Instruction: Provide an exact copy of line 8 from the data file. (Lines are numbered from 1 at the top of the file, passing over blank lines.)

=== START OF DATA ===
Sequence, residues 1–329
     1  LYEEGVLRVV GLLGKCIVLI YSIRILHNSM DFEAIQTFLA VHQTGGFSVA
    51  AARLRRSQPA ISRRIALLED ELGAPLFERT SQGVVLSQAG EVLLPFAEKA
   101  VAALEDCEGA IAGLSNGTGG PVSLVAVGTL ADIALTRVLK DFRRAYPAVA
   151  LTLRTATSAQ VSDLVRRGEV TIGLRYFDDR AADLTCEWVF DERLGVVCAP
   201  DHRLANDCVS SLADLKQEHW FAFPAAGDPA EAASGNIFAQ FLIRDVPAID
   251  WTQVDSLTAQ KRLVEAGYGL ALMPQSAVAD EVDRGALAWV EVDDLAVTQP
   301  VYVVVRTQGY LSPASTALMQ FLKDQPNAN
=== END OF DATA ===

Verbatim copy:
   301  VYVVVRTQGY LSPASTALMQ FLKDQPNAN